Of my nearly 30 years in business, it is absolutely what is transpiring right now. Leading an organization during an intersection of three crises — health, economic, and social. A collision that business and broader society has not faced before in modern history.
Response to the global pandemic required fast action and fast decisions with no off-the-shelf playbook to follow, based on a future that is entirely unknown. I leaned on some of my tried and true leadership principles of vision and clear alignment and the importance of communications to navigate.
Some early actions led by me as executive chair and our CEO when we were elected into our roles a year prior included having clear alignment between the board and management and to base it on a shared agenda. This approach helped set us up to respond successfully as a firm. For instance, prior decisions around technology and talent investments allowed us to pivot overnight to a 100% virtualized environment for our 100,000-plus workforce in the US while continuing to serve our clients at a time when we are needed most.
Clear communications and empathetic listening have also been a constant and critical component to navigating this time, especially as it relates to the physical and mental well-being of our people, and as we plan for what our next normal will be. As management is focused on the operational aspects of sustaining the business, as executive chair I have taken the lead on responding to the call for social justice and ending systemic racism. It requires a pressure-test of all aspects of organizational culture. It’s based on continual listening, learning, and transparent communications. It is what will lead to creating a mechanism for momentum to enable lasting change for the long-term.
Can you share a story about the funniest mistake you made when you were first starting? Can you tell us what lesson you learned from that?
A very clear, early mistake I made as a junior consultant was being too overconfident in my ability in getting a client deliverable done and telling the person I was working for, ‘I got it, I got it.’ It resulted in a couple of very sleepless nights because of the amount of work and the lift that I and the partner I was working with had to do to get it to be client ready. It was a great cautionary tale in terms of asking for help. As I moved into leadership roles, I absolutely led in a way that asking for help was seen as courageous and strong as opposed to a sign of weakness.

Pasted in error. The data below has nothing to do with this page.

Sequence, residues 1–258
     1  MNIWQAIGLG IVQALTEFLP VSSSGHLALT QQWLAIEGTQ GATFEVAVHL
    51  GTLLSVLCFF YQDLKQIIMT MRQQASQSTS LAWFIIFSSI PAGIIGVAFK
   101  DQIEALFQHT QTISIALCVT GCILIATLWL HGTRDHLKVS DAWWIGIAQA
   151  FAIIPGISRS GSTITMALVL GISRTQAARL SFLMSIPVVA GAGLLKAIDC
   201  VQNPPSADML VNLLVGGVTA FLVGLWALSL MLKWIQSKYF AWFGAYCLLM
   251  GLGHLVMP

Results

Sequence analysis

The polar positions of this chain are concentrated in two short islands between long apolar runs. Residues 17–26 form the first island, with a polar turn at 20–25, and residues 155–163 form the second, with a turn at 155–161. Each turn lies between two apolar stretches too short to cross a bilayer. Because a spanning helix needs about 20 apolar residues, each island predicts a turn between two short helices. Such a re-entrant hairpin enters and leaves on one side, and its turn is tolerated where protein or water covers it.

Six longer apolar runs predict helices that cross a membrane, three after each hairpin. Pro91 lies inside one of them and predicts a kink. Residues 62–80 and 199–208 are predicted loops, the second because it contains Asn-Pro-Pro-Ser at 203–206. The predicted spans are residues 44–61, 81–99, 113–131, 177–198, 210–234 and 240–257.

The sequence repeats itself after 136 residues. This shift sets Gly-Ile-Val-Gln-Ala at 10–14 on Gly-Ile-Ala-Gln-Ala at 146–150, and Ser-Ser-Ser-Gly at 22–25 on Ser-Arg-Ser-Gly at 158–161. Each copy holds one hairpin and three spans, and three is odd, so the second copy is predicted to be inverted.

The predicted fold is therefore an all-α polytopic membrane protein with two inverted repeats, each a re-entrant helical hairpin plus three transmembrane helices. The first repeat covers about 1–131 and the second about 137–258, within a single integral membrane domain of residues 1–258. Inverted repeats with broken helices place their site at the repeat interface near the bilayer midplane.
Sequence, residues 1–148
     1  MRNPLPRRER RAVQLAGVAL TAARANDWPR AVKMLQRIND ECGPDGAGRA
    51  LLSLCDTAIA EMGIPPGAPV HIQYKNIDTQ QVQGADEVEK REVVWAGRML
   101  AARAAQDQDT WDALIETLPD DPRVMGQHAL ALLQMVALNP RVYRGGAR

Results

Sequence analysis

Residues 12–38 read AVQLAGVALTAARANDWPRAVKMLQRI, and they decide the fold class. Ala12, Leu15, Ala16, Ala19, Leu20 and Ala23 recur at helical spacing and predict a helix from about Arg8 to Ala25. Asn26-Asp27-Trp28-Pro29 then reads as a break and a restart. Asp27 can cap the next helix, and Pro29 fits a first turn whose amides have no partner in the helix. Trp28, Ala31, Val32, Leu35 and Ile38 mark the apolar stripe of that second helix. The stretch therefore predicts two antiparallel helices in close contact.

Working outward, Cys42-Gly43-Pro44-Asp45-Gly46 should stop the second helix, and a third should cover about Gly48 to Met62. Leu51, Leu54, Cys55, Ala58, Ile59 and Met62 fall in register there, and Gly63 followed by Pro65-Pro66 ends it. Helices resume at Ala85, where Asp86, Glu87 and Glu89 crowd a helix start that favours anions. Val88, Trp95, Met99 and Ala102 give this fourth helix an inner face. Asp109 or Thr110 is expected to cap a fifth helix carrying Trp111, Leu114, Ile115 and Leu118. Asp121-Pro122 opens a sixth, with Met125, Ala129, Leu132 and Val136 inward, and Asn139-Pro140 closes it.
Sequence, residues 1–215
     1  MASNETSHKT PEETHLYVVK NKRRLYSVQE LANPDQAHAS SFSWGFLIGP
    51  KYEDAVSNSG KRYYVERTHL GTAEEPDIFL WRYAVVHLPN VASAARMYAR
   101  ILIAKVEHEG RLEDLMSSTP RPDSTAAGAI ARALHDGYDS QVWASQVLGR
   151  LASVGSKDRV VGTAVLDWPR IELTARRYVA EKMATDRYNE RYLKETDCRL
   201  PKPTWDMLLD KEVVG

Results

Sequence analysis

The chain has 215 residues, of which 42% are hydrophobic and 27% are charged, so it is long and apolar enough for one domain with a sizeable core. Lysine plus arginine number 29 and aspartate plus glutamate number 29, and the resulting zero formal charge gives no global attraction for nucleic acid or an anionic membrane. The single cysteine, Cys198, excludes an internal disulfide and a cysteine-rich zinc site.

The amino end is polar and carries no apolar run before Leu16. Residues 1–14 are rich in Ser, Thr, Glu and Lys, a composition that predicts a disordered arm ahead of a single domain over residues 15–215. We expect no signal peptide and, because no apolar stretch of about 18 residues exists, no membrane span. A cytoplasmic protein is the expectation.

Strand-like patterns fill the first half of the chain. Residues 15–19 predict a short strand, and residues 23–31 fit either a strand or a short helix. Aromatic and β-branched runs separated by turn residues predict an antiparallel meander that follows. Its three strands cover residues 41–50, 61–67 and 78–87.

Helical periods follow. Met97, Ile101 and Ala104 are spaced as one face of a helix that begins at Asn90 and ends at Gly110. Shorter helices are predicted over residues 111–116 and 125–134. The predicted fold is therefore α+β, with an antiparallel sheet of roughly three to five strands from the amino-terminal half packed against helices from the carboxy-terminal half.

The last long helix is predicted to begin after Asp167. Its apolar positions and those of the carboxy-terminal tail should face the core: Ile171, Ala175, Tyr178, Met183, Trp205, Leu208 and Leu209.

None of us are able to achieve success without some help along the way. Is there a particular person who you are grateful towards who helped get you to where you are? Can you share a story about that?
While professionally, I’ve been fortunate to experience support and advocacy from a number of colleagues along the way, it is my husband Kent who has been my true anchor. We’ve been married 29 years, we married the same year I started at Deloitte actually, and we are parents to 23-year-old twins. He has made his share of sacrifices and career pivots to remain rooted in our hometown of Chicago in order for me to live the life of a consultant — traveling the world, being away from home 5 days out of the week, and just remaining flexible and most of all supportive as new career opportunities arose and the twists and turns that come with that. I wouldn’t be able to do what I do, and get to the role I’m in today, without his true partnership.
In my work, I often talk about how to release and relieve stress. As a busy leader, what do you do to prepare your mind and body before a stressful or high stakes meeting, talk, or decision? Can you share a story or some examples?
I am someone who likes to have a very simple but effective morning routine. I have found that by taking time for myself in the morning allows me to make clearer decisions and be that much more present with clients and colleagues. I always try to do some form of physical exercise before I start my day.
In terms of stress relief, I enjoy hiking, walks with my dog, reading, and cooking. Particularly without travel splitting up my days right now, I aim to dedicate time each day to some of these hobbies that keep my mind and body engaged and allow me a chance to step away, even if it’s just for an hour during lunchtime. These practices allow me to recharge and act as a more centered leader for my team and give me the proper work-life integration I need.
As you know, the United States is currently facing a very important self-reckoning about race, diversity, equality and inclusion. This may be obvious to you, but it will be helpful to spell this out. Can you articulate to our readers a few reasons why it is so important for a business or organization to have a diverse executive team?